Web Letters | The Nation

Web Letter

Even if people have a "good" mortgage, they cannot pay that mortgage if they do not have a job. Minorities, who may have low-paying jobs. are most likely to feel the pinch of the depression sooner than the middle class. But layoffs have become a social equalizer, and everybody's job is threatened.

Since the American economy is supported by the wages of ordinary workers, variously estimated from 65 percent to 75 percent. Any layoff helps flush the economy down the toilet. In Philadelphia, a 2 percent raise in sales tax may keep your house from being totally destroyed by fire, or having a police officer available when you need their protection. Those jobs also help keep the economy afloat!

Pervis James Casey

Riverside, CA

Sep 29 2009 - 11:51am

Web Letter

The fault for these points is not one-sided. Philadelphia is a great example, where the City imposes higher taxes and more restrictions and heaps problems on the financial institutions. Then, when the better, more competent, banks expand through the surrounding suburbs but do not have branches within the city, they wonder why.

In many cases, the business climate of the urban center is the larger problem. Philadelphia just raised its sales tax to two whole percent above the entire surrounding area. ( and no-tax Delaware state is only about fifteen miles away.) The City did it to avoid tangling with the municipal unions through massive layoffs and other changes. My take is that the City will lose more jobs in more key areas, and would have been better off without the extra sales tax.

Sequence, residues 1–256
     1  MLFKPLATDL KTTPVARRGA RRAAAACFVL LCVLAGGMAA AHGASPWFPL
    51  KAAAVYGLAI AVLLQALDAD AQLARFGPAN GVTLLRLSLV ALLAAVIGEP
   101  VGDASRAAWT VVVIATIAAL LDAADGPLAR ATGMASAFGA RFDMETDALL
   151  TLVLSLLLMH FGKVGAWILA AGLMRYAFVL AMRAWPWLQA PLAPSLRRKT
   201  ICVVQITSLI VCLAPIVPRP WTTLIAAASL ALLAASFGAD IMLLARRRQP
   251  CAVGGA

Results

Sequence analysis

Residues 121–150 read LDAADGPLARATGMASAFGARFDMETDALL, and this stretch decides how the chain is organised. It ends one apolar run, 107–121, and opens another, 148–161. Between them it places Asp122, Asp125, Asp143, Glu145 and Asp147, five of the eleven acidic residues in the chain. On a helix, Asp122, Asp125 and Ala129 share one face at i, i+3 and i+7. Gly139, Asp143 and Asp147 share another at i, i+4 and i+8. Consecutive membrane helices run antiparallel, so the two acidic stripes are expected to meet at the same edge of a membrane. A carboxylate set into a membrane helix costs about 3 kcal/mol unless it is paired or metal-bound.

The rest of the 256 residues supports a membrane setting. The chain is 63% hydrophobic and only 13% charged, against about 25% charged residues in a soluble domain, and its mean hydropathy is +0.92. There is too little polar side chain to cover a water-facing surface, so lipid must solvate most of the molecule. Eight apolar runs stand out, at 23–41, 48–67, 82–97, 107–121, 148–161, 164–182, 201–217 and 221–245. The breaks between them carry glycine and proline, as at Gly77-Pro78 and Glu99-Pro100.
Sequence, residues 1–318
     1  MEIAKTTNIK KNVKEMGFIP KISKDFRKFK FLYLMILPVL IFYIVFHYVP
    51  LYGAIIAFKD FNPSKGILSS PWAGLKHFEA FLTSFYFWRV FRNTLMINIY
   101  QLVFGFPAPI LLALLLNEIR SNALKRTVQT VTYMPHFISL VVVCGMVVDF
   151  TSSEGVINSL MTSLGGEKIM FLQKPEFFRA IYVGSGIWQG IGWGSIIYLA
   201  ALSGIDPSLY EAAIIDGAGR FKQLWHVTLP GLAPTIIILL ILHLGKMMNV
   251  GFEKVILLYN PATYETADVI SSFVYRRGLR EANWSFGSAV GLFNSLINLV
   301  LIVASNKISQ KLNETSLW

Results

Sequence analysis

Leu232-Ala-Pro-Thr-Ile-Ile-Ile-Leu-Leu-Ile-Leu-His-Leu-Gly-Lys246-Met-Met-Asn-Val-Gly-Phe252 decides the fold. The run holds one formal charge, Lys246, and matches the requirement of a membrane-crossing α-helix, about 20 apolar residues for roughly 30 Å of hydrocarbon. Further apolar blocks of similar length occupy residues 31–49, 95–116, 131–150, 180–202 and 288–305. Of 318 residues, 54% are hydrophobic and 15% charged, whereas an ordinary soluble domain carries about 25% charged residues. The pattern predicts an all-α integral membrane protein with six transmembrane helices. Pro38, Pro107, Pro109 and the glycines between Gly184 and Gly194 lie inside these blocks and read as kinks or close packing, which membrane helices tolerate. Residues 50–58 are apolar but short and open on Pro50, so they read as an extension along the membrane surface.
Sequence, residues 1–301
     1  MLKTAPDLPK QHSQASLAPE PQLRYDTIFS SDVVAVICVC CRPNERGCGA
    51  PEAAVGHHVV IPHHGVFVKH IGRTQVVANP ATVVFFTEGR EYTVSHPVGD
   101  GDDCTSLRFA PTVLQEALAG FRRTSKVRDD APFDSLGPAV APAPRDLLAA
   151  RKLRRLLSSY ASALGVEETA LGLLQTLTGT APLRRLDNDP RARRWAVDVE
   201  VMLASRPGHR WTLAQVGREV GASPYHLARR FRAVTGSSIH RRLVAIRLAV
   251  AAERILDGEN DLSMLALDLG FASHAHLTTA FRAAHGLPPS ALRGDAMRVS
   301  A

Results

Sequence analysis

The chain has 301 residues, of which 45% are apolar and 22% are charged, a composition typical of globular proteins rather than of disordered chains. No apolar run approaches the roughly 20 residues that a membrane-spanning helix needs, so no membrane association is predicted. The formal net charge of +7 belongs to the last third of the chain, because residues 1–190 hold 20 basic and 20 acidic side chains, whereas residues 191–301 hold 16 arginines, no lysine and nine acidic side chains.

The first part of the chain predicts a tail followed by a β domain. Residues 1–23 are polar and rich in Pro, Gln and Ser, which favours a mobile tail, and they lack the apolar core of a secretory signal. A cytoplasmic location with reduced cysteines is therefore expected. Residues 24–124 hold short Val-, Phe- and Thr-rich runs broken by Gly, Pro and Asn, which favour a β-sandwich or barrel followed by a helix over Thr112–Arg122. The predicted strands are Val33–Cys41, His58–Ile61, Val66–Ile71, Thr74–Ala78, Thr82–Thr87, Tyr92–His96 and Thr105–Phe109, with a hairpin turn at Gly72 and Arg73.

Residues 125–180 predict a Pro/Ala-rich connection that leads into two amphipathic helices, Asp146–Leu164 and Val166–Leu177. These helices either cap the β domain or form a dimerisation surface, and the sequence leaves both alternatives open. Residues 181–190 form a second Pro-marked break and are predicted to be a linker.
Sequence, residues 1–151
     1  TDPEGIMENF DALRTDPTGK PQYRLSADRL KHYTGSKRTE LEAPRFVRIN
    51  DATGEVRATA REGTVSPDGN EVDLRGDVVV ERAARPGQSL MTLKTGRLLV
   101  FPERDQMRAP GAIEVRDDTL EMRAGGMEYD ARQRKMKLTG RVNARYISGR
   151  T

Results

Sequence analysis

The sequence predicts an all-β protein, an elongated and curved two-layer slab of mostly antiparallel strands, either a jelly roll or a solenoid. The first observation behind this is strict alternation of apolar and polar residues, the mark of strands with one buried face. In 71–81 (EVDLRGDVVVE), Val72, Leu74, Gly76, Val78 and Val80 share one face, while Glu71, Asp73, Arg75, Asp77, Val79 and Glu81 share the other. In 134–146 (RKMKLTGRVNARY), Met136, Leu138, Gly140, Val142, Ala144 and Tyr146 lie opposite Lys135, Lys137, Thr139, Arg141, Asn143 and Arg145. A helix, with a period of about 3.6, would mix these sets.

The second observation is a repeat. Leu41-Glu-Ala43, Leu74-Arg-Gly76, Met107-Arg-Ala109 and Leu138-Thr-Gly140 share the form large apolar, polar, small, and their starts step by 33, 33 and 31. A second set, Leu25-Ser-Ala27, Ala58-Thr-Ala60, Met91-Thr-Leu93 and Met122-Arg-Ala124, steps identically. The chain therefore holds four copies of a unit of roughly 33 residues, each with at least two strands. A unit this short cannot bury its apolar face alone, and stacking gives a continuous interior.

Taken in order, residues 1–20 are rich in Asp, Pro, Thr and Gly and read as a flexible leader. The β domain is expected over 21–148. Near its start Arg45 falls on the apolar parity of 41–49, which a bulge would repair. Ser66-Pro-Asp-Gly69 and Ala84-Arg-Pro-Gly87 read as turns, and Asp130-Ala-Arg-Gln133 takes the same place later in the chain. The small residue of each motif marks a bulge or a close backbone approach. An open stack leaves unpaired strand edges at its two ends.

Philadelphia, for this example, might do better to treat the financial institutions properly, and get their benefits for the community.

John D. Froelich

Upper Darby, PA

Sep 25 2009 - 9:18pm

Web Letter

In 1933 Wall Street tried to overthrow the Roosevelt administration and the United States government. This is documented in The Plot to Seize the White House, by Jules Archer. In 2000 they bought the election and used the Supreme Court to put Bush in office. In 2008 we put Obama in the White House and his biggest financial support came from Wall Street. Interestly, Obama is opposed to financial reform of elections.

Steven Langston

Murray , KY

Sep 25 2009 - 3:46pm

Before commenting, please read our Community Guidelines.